Definitely, especially in this series many times the honourable people are portrayed as naive. It seems like honour in Westeros is at the best case gullibility. As for the knights I think that we see the moral decline from the start of the books. Even in Dunk and Egg novels the knights didn’t fulfil their role and they were called out both by the smallfolk and by Breakspear. Which brings me to my next question also inspired by Jaime. Where their too many vows? Did they had to balance between all of their responsibilities and if they had to choose their honour or duty what they should chose?

Edited by Lilac & Gooseberries

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4 hours ago, Alyn Oakenfist said:

The best examples are Ned, that refuses to make several hard choices due to honor,

Are we reading the same books?? The hardest and more costly choices Ned ever made, trying to protect the twincest kids and protecting Jon, had him leaving his honor behind and doing what's morally good.

Ned is the very opposite of this.

 

 

4 hours ago, Alyn Oakenfist said:

And yet he still hides behind honor refusing to make any hard choice and judging Jaime

I'd say that because killing the King you have sworn to defend the very minute he runs out of option is a very bad look.

 

Regardless, all the Kingsguard are indeed moral cowards.

 

 

 

 

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Oaths are oaths. Just because you don’t wish to break an oath, it dosent make you a coward. This world is defined by oaths.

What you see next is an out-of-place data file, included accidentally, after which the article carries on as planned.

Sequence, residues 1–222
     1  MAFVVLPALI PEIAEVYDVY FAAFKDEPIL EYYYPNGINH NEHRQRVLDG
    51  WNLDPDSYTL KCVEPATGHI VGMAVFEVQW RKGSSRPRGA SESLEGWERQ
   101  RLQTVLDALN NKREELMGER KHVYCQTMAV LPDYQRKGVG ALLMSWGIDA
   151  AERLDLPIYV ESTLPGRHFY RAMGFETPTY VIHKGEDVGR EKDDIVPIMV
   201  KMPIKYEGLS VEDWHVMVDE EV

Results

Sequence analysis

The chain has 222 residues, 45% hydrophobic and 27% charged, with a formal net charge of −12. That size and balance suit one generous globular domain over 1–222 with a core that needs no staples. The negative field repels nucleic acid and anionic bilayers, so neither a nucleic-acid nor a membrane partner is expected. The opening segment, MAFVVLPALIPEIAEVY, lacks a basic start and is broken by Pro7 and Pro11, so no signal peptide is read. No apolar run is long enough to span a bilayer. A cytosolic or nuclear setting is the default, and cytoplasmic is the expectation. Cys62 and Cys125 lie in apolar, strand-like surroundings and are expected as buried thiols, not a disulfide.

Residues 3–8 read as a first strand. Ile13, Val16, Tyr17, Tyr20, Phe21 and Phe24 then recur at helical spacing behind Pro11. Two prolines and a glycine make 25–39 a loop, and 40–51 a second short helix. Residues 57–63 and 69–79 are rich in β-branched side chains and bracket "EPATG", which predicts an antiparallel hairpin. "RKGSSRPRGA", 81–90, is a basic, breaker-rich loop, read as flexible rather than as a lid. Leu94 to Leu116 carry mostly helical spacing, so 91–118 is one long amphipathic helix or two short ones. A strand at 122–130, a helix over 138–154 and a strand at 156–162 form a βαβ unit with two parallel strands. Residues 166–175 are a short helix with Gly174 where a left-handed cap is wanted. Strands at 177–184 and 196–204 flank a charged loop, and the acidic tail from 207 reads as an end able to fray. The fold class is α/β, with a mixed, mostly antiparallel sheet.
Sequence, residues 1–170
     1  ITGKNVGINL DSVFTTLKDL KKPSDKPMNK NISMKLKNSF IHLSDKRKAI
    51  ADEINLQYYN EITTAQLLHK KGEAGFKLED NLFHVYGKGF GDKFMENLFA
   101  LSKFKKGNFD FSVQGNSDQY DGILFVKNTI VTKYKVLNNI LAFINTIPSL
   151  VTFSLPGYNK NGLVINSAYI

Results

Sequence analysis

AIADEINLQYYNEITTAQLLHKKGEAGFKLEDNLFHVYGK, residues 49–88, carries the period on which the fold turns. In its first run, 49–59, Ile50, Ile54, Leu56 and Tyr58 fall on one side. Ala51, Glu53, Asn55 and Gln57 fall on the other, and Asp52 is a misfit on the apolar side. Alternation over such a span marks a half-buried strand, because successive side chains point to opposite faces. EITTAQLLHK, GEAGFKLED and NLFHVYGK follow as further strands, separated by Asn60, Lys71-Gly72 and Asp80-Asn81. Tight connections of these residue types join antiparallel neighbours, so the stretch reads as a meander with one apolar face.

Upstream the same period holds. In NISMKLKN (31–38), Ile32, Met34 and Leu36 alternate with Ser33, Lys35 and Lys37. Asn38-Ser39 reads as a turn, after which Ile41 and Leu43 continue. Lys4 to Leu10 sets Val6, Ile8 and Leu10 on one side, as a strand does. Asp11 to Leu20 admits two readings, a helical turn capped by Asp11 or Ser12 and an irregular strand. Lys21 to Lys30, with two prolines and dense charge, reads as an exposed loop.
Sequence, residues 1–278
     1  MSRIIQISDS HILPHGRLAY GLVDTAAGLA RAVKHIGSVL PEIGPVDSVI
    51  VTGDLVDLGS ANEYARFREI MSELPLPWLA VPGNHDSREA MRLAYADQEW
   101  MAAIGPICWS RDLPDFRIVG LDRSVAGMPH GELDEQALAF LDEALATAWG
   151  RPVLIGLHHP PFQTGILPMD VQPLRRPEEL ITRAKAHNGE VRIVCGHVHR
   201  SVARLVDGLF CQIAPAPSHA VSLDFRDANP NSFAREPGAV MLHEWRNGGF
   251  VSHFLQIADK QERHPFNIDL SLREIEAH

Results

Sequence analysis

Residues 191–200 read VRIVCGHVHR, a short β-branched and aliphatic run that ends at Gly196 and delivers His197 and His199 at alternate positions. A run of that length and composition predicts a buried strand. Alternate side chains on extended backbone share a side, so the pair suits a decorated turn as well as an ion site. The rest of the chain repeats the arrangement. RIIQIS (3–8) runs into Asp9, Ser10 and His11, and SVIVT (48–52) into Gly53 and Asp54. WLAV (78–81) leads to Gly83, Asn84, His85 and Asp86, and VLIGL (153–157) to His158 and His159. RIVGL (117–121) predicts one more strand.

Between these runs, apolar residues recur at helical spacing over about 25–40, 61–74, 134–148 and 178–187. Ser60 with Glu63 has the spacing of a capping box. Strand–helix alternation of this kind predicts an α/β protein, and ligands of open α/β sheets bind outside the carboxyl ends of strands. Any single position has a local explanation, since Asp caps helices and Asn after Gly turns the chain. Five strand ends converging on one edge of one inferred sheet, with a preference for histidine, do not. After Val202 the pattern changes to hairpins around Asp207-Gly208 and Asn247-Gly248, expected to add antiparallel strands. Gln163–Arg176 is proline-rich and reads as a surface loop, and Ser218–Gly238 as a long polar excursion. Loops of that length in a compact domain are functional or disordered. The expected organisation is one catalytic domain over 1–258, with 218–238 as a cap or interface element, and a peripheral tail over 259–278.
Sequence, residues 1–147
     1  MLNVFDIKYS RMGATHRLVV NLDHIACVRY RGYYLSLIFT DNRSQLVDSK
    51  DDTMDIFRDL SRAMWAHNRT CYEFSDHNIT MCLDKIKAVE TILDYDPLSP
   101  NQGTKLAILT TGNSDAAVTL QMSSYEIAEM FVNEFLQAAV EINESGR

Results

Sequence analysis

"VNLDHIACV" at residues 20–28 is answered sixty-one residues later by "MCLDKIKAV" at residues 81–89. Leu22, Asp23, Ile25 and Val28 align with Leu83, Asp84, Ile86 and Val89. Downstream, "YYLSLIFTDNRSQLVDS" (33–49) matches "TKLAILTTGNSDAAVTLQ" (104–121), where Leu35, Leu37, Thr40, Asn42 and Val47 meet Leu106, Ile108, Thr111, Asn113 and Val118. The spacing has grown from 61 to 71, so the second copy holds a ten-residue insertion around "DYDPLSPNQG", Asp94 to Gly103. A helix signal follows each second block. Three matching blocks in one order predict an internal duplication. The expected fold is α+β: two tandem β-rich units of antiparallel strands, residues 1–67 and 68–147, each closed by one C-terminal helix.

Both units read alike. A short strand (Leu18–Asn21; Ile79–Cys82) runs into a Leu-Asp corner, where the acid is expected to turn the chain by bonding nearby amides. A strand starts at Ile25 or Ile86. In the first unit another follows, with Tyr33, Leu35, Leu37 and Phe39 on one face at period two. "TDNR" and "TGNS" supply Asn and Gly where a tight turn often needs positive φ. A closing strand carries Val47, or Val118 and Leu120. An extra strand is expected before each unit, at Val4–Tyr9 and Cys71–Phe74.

A Lord most keep to his oaths because if he has a habit of breaking oaths then what stops his men at arms and vassals from breaking their oaths with him.

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36 minutes ago, The Young Maester said:

Oaths are oaths. Just because you don’t wish to break an oath, it dosent make you a coward. This world is defined by oaths.

I think one of the key points GRRM makes is that perhaps it shouldn't be. Things are not always black and white.

In terms of this topic in general I think we can also give Arthur Dayne, Oswell Whent, and maybe Gerold Hightower the benefit of the doubt. We don't know exactly what happened nor their motivations for doing so, but they did seem to be defying Aerys in some way. 

 

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1 hour ago, The Young Maester said:

Oaths are oaths.

And orders and orders.

 

1 hour ago, The Young Maester said:

it dosent make you a coward.

If you follow an oath that you know it's unjust and inmoral and irrational. It sure as hell makes you a coward.

 

1 hour ago, The Young Maester said:

This world is defined by oaths.

Every world is.

 

 

1 hour ago, The Young Maester said:

A Lord most keep to his oaths because if he has a habit of breaking oaths then what stops his men at arms and vassals from breaking their oaths with him.

We're not talking about breaking oaths willy nilly. But the very idea that Jon Arryn was obliged to kill Ned and Robert because an oath is absurd.

Let's not talk about allowing genocide just cause your liege is salty.

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3 minutes ago, frenin said:

And orders and orders.

 

If you follow an oath that you know it's unjust and inmoral and irrational. It sure as hell makes you a coward.

 

Every world is.

 

 

We're not talking about breaking oaths willy nilly. But the very idea that Jon Arryn was obliged to kill Ned and Robert because an oath is absurd.

Let's not talk about allowing genocide just cause your liege is salty.

If Jon Arryn had killed Robert and Ned, RR would not have happened, and tens of thousands wouldn't have died. I'm not saying that RR was not justified, but that it is not so simple to break an solemn oath and there are consequences.